My Two Census

Formerly the non-partisan watchdog of the 2010 US Census, and currently an opinion blog that covers all things political, media, foreign policy, globalization, and culture…but sometimes returning to its census/demographics roots.

Investigative Series: Spotlight on Harris Corp. (Part 4)

On April 18, 2009, an under-reported yet monumental transaction took place between the Harris Corporation (the company responsible for creating the failing handheld computers used for 2010 Census operations) and Tyco Electronics (formerly part of the company with the same first name responsible for one of 2002′s most notorious financial scandals).

According to Data Week, “Tyco Electronics has entered into a definitive agreement to sell its wireless systems business to Harris Corporation for $675 million in cash, subject to final working capital adjustments. Tyco’s wireless systems business generated sales of $461 million in fiscal 2008. The transaction is subject to customary regulatory approvals and is expected to close toward the end of 2009.”

MyTwoCensus is concerned because it is unclear at this point is whether 2010 Census data can be accessed by these companies. It is unknown whether meta-crawlers (excuse the Google jargon) have been installed in the handheld devices created by Harris that could potentially share private and proprietary data with these corporations.

Here’s the official description of Tyco Electronics Wireless Systems:

“Tyco Electronics Wireless Systems is a leading supplier of critical communications systems and equipment for public safety, utility, federal, transportation and select commercial markets. Tyco Electronics Wireless Systems products range from some of the most advanced IP-based voice and data networks to traditional wireless systems that offer customers the highest levels of reliability, interoperability, scalability and security. More information about Tyco Electronics Wireless Systems solutions can be found on the Web at”

With IP technology in the hands of Tyco, is your personal data safe?

Given that Tyco Electronics is based in Bermuda, a tax haven known for its lack of regulation, this acquisition could surely spell significant amounts of more trouble for investors, the SEC, and the Commerce Department if Tyco’s assets turn out to be less than stellar.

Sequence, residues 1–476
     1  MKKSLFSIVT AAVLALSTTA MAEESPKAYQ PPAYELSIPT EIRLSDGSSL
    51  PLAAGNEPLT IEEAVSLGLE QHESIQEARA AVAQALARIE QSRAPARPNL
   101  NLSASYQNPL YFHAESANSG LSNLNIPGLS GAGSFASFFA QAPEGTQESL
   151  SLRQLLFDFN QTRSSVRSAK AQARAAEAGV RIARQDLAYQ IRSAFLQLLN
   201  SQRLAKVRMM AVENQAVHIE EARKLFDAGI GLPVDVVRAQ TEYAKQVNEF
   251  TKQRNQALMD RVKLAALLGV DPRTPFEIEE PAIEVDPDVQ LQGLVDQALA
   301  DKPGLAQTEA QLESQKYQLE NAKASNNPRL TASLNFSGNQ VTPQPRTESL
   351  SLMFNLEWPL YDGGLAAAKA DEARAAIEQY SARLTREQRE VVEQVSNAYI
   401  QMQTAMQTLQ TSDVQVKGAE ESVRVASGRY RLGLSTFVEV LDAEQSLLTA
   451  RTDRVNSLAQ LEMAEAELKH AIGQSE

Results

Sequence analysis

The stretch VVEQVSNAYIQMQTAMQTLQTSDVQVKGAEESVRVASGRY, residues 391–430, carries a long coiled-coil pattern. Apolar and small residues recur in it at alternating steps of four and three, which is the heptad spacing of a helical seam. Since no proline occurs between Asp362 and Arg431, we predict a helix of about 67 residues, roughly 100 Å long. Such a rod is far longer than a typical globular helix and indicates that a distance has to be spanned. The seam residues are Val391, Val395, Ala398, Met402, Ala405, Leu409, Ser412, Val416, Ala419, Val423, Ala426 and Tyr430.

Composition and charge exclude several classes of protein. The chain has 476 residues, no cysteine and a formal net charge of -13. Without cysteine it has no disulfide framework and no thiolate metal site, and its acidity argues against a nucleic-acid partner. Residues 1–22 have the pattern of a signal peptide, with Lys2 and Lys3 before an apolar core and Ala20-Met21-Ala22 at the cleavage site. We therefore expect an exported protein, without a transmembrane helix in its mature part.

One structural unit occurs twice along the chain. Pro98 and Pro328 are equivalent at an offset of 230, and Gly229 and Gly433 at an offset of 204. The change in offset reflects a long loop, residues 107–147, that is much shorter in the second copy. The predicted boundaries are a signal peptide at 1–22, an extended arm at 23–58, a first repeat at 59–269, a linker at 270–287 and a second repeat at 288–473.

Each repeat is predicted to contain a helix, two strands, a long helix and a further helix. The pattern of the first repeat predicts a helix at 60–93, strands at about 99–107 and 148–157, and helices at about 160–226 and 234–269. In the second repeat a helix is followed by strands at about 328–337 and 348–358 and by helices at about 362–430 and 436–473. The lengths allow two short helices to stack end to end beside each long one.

On a sidenote, it is clear that from a financial perspective, Harris is not performing well for its shareholders. However, it’s interesting to note how long the Harris Corporation’s stock rose until its peak of more than $65 a share on March 30, 2008, long after other companies had already started losing significant amounts of money. But today, the company’s value has been cut in half.

MyTwoCensus urges financial and security experts to share their opinions with us.

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2 Responses to “Investigative Series: Spotlight on Harris Corp. (Part 4)”

  1. Informed Observer Says:

    This article has got to be one of the most ignorant and off base articles that I have ever read. It is full of extremely poor and uninformed assumptions. Let’s review just a couple:

    1) “It is unclear at this point whether 2010 Census data can be accessed by these companies…” Harris is designing the Census reader completely to the Federal Government specifications. There is no hidden capabilities in the device – the full design and capability, by definition, is available for the Gov’t to review. Why would the Gov’t permit Harris access to the data and why would Harris want access?

    2) “With IP technology in the hands of Tyco, is your personal data safe after this merger”? First off, it was not a merger. Harris bought the part of Tyco that makes Land Mobile Radios for Public Safety. Do you think that all of the Police, Fire, and rescue personnel that use Tyco’s LMR radios would use them if they thought that Tyco was somehow going to misuse their technology? Secondly, Harris now owns this piece of Tyco, so it is no longer part of Tyco. So how is it relevant that Tyco is based in Bermuda? They will have nothing to do with the census.

    I think that an elementary school student writing an article for their 4th grade newsletter could do a better job checking facts and assumptions than the author of this article.

  2. OOSier Said than Done Says:

    Forget it. This Morse joker is simply interested in making a name for himself, he has absolutely no concern for accuracy or reliable information. I already tried to point out that his source on another posting had no idea what they were spewing, and for my posting trouble I got snapped at. Yeah, maybe the Census has big problems, but you’re not going to find out the truth here. He’s having too much fun flinging mud around without care where it lands.